01’ enter into any dialogue with country or countries. is it inevitable that north korea will be a fully fledged nuclear state? we are seeing a rapid race to developing this capability of nuclear armed icbm. wejust race to developing this capability of nuclear armed icbm. we just saw an intermediate range ballistic missile isle. we are getting into the category of forward movement. that is the operative word, it is a programme rather than a single event. we focus on a single event. the data shows north korea under kim jong—unin the data shows north korea under kim jong—un ina the data shows north korea under kim jong—un in a little overfive the data shows north korea under kim jong—un in a little over five years of his rule is making tremendous progress. one would say he is on the cusp of this capability. yes, indeed. we have associated north korean missile tests with failures for a long time. we are seeing much more successes. the north korean regime can't really stop testing because it would be a sign of weakness. there is a signalling aspect, but the technical timeline and a goal from already a couple of
months ago that north korea would race towards this capability is something of transparency on the north korean part. the exact timing of these tests, they are correlated with particular offence, that is an open source of debate. the statistics. you mention it is amazing in terms of the activities in the ballistic missile development site and the nuclear water testing. really ha rd to site and the nuclear water testing. really hard to get insight into the character of kim jong—un and exactly what he is thinking and his gameplan. but there are things we can glean by looking at him in contrast with his father. that is correct, and if you look at the 17 yea rs of correct, and if you look at the 17 years of kim jong il's will we saw 16 missile tests and two nuclear tests a nd 16 missile tests and two nuclear tests and each time there was a ratcheting up and a building up to one of these tests there was a lot of theatrics with a couple of days of theatrics with a couple of days of fuel of theatrics with a couple of days offuel in, of theatrics with a couple of days of fuel in, the heightened tensions and then eventually a price negotiated and then a freeze or some
sort of moratorium in terms of north korean activities under his period. now with kim jong—un we are looking at this type of activity with zero interest in terms of negotiations and in terms of sanctions having some kind of interest we have not seen some kind of interest we have not seen that. many people say that president trump, to enact any change or pressure, needs to go through the intermediary of china. is that your reading? this is one component of it, the emphasis on china. the thesis is china has the capabilities if we can pressure china, then it will have the will to rein in north korea. from the chinese calculus, it is not their problem. it is a problem between the us and north korea. and for those countries to resolve it diplomatically and peacefully. the chinese route right now is where we have seen doubling down. after this particular test we are likely to see more economic pressure on china to rein in north korea. thank you very much. president trump has said no deal has been reached on protecting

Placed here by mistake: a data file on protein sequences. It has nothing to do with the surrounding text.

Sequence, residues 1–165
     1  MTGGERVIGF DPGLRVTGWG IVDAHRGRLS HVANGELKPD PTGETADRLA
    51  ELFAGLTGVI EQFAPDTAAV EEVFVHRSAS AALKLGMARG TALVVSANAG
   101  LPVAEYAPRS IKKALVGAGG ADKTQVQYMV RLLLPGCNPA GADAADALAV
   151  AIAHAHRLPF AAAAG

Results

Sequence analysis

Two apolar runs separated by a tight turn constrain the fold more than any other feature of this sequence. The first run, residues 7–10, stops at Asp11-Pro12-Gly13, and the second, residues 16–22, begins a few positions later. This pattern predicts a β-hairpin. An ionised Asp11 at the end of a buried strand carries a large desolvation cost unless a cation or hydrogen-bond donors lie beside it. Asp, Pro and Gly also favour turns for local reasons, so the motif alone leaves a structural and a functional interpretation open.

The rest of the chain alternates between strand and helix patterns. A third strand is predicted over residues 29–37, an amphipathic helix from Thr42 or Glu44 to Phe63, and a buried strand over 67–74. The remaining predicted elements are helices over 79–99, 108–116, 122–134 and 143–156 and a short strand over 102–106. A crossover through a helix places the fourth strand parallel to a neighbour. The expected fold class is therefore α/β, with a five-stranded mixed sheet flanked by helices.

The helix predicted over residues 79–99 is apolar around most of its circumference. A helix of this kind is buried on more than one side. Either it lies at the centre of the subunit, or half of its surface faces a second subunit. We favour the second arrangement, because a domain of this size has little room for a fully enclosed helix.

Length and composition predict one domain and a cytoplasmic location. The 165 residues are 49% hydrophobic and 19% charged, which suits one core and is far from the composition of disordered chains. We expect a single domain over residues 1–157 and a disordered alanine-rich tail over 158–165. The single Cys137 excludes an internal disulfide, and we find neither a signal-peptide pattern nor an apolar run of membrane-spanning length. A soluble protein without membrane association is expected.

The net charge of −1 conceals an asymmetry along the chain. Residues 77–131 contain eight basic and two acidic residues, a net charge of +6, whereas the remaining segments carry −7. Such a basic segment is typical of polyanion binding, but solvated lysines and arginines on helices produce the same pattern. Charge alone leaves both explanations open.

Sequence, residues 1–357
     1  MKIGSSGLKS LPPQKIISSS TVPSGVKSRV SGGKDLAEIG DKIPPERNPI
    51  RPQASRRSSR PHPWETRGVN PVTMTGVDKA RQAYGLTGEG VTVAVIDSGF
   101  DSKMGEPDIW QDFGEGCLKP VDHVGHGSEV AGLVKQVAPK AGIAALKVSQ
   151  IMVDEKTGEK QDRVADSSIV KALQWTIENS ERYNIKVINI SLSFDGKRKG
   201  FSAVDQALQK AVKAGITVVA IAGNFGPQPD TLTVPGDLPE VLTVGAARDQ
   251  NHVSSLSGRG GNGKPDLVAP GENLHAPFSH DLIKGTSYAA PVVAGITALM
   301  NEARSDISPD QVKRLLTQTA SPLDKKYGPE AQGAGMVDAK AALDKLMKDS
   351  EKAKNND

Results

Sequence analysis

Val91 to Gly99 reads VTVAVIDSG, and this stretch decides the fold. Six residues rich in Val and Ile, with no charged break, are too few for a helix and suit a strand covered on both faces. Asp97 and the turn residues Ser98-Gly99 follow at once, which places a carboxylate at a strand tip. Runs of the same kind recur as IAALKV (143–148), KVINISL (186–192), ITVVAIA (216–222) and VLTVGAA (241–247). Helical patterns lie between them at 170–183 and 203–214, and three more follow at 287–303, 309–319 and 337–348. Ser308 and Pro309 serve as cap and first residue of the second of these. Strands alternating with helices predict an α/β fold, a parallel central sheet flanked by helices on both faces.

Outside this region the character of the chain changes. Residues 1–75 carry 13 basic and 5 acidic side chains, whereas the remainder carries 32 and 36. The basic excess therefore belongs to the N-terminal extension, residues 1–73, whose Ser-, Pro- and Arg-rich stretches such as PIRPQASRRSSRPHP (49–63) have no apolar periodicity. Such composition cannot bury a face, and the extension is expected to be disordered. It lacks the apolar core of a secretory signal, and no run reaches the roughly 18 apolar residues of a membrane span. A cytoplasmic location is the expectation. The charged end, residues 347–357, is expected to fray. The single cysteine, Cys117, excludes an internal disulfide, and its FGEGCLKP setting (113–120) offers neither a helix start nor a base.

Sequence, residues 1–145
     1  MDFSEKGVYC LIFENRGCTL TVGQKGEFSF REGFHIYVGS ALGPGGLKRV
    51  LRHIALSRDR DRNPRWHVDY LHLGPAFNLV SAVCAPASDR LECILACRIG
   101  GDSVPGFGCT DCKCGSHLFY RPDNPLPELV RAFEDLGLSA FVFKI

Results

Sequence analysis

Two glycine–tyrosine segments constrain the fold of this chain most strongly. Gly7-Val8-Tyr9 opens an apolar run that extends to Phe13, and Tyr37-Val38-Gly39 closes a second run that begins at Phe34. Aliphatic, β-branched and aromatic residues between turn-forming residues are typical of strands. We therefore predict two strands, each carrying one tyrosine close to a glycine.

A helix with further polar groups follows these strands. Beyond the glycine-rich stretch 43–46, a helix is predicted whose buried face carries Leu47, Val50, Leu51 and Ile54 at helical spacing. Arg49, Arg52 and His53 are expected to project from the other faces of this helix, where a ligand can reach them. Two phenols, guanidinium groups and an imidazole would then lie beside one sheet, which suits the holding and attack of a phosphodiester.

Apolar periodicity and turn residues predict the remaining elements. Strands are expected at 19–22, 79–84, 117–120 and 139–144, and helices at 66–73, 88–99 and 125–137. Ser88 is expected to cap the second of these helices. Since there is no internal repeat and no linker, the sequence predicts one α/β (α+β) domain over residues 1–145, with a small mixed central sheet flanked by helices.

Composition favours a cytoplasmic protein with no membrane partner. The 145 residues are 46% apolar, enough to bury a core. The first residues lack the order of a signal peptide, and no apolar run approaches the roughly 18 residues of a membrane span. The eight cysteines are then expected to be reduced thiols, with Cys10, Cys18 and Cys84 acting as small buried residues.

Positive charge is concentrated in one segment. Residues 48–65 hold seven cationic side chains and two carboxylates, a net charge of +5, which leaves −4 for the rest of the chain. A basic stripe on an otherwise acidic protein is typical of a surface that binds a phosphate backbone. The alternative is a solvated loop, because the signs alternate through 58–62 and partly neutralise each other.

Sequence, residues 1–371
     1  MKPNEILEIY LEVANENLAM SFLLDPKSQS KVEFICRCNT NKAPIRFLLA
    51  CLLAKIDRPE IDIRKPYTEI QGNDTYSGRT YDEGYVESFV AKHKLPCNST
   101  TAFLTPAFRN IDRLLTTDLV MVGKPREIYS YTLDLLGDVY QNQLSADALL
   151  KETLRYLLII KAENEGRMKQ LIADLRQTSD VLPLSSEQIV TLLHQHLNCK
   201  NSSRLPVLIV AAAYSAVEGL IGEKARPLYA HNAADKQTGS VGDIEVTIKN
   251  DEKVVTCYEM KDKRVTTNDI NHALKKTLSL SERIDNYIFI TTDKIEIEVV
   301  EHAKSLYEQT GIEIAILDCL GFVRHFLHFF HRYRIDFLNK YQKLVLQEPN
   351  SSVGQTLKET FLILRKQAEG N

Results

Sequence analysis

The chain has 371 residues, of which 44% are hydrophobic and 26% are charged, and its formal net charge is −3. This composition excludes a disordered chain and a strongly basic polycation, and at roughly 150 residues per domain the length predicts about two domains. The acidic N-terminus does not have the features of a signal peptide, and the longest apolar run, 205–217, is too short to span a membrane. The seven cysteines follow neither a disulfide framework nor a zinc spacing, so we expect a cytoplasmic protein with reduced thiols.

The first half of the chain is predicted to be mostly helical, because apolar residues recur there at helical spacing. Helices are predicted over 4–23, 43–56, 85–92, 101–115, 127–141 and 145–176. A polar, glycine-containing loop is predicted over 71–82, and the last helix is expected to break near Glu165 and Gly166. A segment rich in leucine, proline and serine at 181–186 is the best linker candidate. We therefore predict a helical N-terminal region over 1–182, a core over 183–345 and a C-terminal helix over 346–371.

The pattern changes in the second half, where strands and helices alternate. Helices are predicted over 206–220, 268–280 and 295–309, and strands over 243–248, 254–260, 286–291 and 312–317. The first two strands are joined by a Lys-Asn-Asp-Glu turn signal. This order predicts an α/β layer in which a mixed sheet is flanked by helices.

the rights of young migrants in the united states. senior democrats announced they'd reached a deal with mr trump on the co—called dreamers, children brought illegally into the usa from mexico. but mr trump took to twitter to dismiss the claim. andrew plant has more. landing in florida, donald trump and the first lady here to hand out food ina the first lady here to hand out food in a state ravaged by hurricane irma. let's make america great again. but other problems followed him here. the issue of young migrants in america still unresolved. given rights in an obama era policy known as daca, deferred action for childhood arrivals, which president trump has moved to dismantle. statements from senior democrats suggested a deal had been reached, though, at a white house dinner last night. we have reached an understanding on this issue. we
have to work out details. and we can work together on a security package with the white house and get daca on the floor quickly. but mr trump used his twitter account to contradict that statement, saying no deal was reached, and that support for the building ofa reached, and that support for the building of a border war with mexico would have to form part of any agreement. we are talking about taking care of people, people that we re taking care of people, people that were brought here, people that have done a good job and were not brought here of their own volition, but very importantly what we want, we have to have a wall. if the wall is going to be obstructed, when we need the funds at a little later date, we will determine how much we need, then we're not doing it. the daca policy allowed almost 800,000 young migrants or lady living in the usa to go to work and school, protected from deportation. mr trump's opponents want those rights guaranteed in law but say they will continue to oppose the border wall
which donald trump says must be part of the deal. here on bbc news we've been telling you about the ongoing crisis taking place in venezuela. president maduro is at odds with the opposition, and the country's economy is in dire straits. the fact is many people are struggling to find enough to eat. so the government is urging citizens, to seek out a novel source of food. the bbc‘s tim allman explains. venezuela's economy is pretty much a mess. inflation is skyhigh, the shelves are empty in many of the country's supermarkets. but the government has come up with one possible solution — rabbits. more commonly a pet but now a potential source of food. translation: we have to have a radio and tv campaign so people understand that a rabbit is not a pet. it is two and a half kilos of meat that is high in protein with no cholesterol.